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Where are the new guidelines regarding puzzles listed/posted? The version linked from the "Hide a Cache" page has a date of 2005.

I think it is more of a clarification in interpretation of the guidelines. Several posters ohave commented on this over the past several months.

 

So, how does the average cacher who doesn't follow the forums get wind of these periodic 'clarifications' of the guidelines? It's got to pretty disheartening to work on a creative cache, only to have the listing denied because of an unannounced change in how the guidelines are applied. On balance, I think the 'problems' this rule is intended to solve are minor compared to the resulting restrictions on creativity.

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Where are the new guidelines regarding puzzles listed/posted? The version linked from the "Hide a Cache" page has a date of 2005.

I think it is more of a clarification in interpretation of the guidelines. Several posters ohave commented on this over the past several months.

 

So, how does the average cacher who doesn't follow the forums get wind of these periodic 'clarifications' of the guidelines? It's got to pretty disheartening to work on a creative cache, only to have the listing denied because of an unannounced change in how the guidelines are applied. On balance, I think the 'problems' this rule is intended to solve are minor compared to the resulting restrictions on creativity.

Mystery or Puzzle Caches

The "catch-all" of cache types, this form of cache often involves complicated puzzles that you will first need to solve in order to determine the coordinates. The information needed to solve the puzzle must be available to the general caching community and should be solvable from the information provided on the cache listing. For example, a puzzle that requires research on public websites in order to determine the coordinates may be acceptable, while a puzzle that requires sending an e-mail to the cache owner with the solution in order to obtain the coordinates may not be. The only commonality of this cache type is that the coordinates listed are not of the actual cache location but a general reference point, such as a nearby parking location. Unless a good reason otherwise can be provided, the posted coordinates should be no more than 1-2 miles away from the true cache location. This allows the cache to show up on the proper vicinity searches and to keep the mileage of Travel Bugs that find their way into the cache reasonably correct.

 

If you choose to submit a cache of this type please give as much detailed information as possible to the reviewer when you submit the cache. The reviewer may still need more information before listing the cache. Please cooperate with these requests.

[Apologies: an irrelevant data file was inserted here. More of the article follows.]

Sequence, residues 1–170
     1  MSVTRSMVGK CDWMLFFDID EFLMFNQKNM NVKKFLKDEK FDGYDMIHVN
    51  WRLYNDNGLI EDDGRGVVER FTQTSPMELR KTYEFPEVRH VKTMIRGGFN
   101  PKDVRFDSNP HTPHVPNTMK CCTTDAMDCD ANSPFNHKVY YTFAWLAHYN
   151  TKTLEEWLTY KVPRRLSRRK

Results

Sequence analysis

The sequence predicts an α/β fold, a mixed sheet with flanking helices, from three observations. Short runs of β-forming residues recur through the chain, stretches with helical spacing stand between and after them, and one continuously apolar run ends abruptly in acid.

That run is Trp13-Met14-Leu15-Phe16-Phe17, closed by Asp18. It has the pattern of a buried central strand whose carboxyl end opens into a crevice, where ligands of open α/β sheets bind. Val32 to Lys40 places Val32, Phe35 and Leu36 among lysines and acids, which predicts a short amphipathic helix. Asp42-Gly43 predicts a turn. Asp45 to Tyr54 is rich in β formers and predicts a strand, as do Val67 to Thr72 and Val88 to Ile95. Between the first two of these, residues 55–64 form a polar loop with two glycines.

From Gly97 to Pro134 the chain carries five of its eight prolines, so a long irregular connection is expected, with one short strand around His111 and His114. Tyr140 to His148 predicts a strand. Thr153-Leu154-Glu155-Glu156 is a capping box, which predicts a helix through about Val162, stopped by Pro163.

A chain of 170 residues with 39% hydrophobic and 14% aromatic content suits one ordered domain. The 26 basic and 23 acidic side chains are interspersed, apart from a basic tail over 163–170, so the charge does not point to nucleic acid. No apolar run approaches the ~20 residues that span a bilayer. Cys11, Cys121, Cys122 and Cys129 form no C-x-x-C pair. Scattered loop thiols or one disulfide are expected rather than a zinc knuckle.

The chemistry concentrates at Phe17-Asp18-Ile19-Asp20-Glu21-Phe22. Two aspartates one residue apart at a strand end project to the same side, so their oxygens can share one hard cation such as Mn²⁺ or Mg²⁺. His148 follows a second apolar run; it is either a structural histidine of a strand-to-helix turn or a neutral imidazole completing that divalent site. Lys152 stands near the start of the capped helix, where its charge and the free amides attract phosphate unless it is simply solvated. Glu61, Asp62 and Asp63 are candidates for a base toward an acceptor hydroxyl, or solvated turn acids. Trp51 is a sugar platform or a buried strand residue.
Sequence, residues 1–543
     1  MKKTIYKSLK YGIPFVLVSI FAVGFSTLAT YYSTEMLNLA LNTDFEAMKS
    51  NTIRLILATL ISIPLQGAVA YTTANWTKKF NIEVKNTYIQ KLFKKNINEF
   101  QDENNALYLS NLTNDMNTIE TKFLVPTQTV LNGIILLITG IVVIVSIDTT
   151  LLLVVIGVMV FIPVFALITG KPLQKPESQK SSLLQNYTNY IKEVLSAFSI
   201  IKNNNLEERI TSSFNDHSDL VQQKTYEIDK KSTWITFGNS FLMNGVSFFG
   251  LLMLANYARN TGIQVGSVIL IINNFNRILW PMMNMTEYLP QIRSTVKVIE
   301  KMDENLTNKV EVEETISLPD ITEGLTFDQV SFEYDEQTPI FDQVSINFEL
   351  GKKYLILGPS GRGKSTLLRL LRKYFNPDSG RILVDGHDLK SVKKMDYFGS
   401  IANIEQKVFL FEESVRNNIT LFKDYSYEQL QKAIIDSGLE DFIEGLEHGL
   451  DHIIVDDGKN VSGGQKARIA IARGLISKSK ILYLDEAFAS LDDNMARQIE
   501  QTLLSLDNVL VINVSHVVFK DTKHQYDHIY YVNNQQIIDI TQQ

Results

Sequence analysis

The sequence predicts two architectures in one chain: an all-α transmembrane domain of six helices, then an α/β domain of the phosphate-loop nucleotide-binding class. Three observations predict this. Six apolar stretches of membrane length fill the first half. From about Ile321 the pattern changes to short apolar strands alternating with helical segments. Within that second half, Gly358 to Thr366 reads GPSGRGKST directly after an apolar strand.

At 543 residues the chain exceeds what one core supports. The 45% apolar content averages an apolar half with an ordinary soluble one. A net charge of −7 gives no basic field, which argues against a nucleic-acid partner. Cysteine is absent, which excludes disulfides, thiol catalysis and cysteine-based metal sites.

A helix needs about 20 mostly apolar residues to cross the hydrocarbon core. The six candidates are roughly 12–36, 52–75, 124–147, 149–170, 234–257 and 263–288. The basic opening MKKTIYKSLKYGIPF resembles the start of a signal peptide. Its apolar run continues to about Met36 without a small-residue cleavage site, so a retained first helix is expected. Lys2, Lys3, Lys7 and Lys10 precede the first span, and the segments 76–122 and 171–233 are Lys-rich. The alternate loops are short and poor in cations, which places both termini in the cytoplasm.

The way I interpret this guideline you can have people use free software off the Internet to solve a puzzle. I think the thrust of the guideline is to stop an email bottleneck. If people create puzzles requiring that you email them and then never answer their email then it creates a hassle and a dead cache.

Edited by TrailGators
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The way I interpret this guideline you can have people use free software off the Internet to solve a puzzle. I think the thrust of the guideline is to stop an email bottleneck. If people create puzzles requiring that you email them and then never answer their email then it creates a hassle and a dead cache.

Some reviewers interpret it this way, while others don't like caches that can only be solved by downloading software because that may leave some cachers out. For example, what about a cache that requires you to download a program that only runs on Microsoft Windows computers? How will someone with a Macintosh solve it? I know of one cache that required a Macintosh to solve the puzzle - or so they thought ;) Edited by tozainamboku
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The way I interpret this guideline you can have people use free software off the Internet to solve a puzzle. I think the thrust of the guideline is to stop an email bottleneck. If people create puzzles requiring that you email them and then never answer their email then it creates a hassle and a dead cache.

Some reviewers interpret it this way, while others don't like caches that can only be solved by downloading software because that may leave some cachers out. For example, what about a cache that requires you to download a program that only runs on Microsoft Windows computers? How will someone with a Macintosh solve it? I know of one cache that required a Macintosh to solve the puzzle - or so they thought ;)
I see your point but I would think those would be pretty rare cases. So the bottomline is that you can use software if a version of the software is available for free to anyone that uses a PC or a Mac.
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The way I interpret this guideline you can have people use free software off the Internet to solve a puzzle. I think the thrust of the guideline is to stop an email bottleneck. If people create puzzles requiring that you email them and then never answer their email then it creates a hassle and a dead cache.